In 2004 Institute of Medicine (IOM) found sufficient evidence to link indoor exposure to mould with upper respiratory tract symptoms, cough, and wheeze in otherwise healthy people; with asthma symptoms in people with asthma; and with hypersensitivity pneumonitis in individuals susceptible to that condition. IOM also found limited or suggestive evidence linking indoor mould exposure and respiratory illness in otherwise healthy children.

So, what should managers of a PUBLIC HOSPITAL treating children daily be doing routinely to prevent mould development? What now that the frightening mould levels permeating CRH in March 2017 have already been allowed to develop?

CDC recommends (for ordinary residences):

A common-sense approach should be used for any mould contamination inside buildings. Common health concerns from moulds include hay fever-like allergic symptoms. Individuals with chronic respiratory disease (e.g. asthma) may experience difficulty breathing….. A qualified medical clinician should be consulted for diagnosis and treatment…..”

But what if qualified medical clinicians work in a mould-infested building?

CDC continues about moulds:

Growth occurs when there’s moisture from water damage, excessive humidity, water leaks, condensation, water infiltration, or flooding. Constant moisture is required for its growth….

The most common indoor moulds are Cladosporium, Penicillium, Aspergillus, and Alternaria.”

Most of the above saturated CRH in 2017. CDC on sources of mould:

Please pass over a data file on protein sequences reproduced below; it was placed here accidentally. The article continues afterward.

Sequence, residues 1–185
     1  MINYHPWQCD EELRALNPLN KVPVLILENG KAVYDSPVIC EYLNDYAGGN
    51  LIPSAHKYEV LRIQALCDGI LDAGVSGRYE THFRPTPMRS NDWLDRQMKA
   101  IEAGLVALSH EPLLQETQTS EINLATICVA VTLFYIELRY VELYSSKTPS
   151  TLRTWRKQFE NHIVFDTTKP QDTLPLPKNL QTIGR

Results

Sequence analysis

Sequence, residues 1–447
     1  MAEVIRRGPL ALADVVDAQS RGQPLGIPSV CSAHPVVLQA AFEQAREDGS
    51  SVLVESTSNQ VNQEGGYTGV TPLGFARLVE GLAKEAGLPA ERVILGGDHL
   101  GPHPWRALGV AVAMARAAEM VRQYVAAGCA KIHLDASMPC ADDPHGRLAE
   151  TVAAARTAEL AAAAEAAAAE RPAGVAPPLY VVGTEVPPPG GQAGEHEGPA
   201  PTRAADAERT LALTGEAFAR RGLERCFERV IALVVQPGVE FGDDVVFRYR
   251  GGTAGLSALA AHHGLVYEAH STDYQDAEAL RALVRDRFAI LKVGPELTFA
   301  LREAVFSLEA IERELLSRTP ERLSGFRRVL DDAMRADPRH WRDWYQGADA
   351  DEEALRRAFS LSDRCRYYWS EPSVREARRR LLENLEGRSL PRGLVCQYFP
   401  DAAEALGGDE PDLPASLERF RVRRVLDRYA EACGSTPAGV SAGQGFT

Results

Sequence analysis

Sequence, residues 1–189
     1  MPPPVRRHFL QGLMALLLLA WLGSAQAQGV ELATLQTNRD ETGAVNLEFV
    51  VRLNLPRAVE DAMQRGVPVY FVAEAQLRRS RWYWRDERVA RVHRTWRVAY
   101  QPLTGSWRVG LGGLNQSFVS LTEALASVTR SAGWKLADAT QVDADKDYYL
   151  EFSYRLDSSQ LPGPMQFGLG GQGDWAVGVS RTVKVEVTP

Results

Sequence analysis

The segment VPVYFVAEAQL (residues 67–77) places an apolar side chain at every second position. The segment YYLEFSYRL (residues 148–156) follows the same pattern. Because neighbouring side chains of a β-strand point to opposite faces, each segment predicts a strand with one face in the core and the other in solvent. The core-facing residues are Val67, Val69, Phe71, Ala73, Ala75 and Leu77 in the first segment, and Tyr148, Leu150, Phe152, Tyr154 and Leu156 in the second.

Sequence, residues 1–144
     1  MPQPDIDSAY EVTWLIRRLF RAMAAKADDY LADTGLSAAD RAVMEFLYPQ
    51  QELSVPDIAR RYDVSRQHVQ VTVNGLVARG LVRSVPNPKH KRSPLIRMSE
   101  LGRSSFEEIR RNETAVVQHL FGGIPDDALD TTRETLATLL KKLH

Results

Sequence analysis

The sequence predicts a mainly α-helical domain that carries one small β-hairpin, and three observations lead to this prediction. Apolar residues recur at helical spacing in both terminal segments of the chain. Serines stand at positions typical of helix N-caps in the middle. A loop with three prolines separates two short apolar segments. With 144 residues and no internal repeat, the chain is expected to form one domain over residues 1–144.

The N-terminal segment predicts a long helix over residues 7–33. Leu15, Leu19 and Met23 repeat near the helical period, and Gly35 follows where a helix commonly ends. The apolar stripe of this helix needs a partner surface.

Mould spores may enter your house from outside through open doorways, windows, and heating, ventilation, and air conditioning systems with outdoor air intakes.

Suppose mould has already entered and an extraction fan in an unused kitchen work together with poorly maintained elevators to distribute asbestos/fibre-glass/mould fumes throughout?

When mould spores drop on places [with] excessive moisture, such as where leakage may have occurred…they will grow……

CDC on the effects of mould:

For [some] people, exposure to moulds can lead to….stuffy nose, wheezing, and red or itchy eyes, or skin. …Those with allergies to moulds or with asthma, may have more intense reactions. Severe reactions may occur among workers exposed to large amounts of moulds in occupational settings…. Severe reactions may include fever/shortness of breath.

Did MOH care to enquire whether any CRH staffers fall into any of these high risk categories?

Independently, World Health Organisation (WHO) published mould guidelines in 2009 (for residential buildings):

  • Persistent dampness/microbial growth on interior surfaces and in building structures should be avoided or minimized;
  • Indicators of dampness/microbial growth include condensation on surfaces or in structures, visible mould, perceived mouldy odour and a history of water damage, leakage or penetration;
  • As the relations between dampness/microbial exposure and health effects can’t be precisely quantified, no health-based thresholds for acceptable contamination levels can be recommended. It’s recommended dampness and mould-related problems be prevented;
  • Well-designed, well-constructed, well-maintained building envelopes are critical to the prevention/control of excess moisture and microbial growth. Moisture management requires proper temperatures and ventilation control to avoid excess humidity, condensation on surfaces and excess moisture in materials. Ventilation should be distributed effectively throughout spaces. Stagnant air zones should be avoided.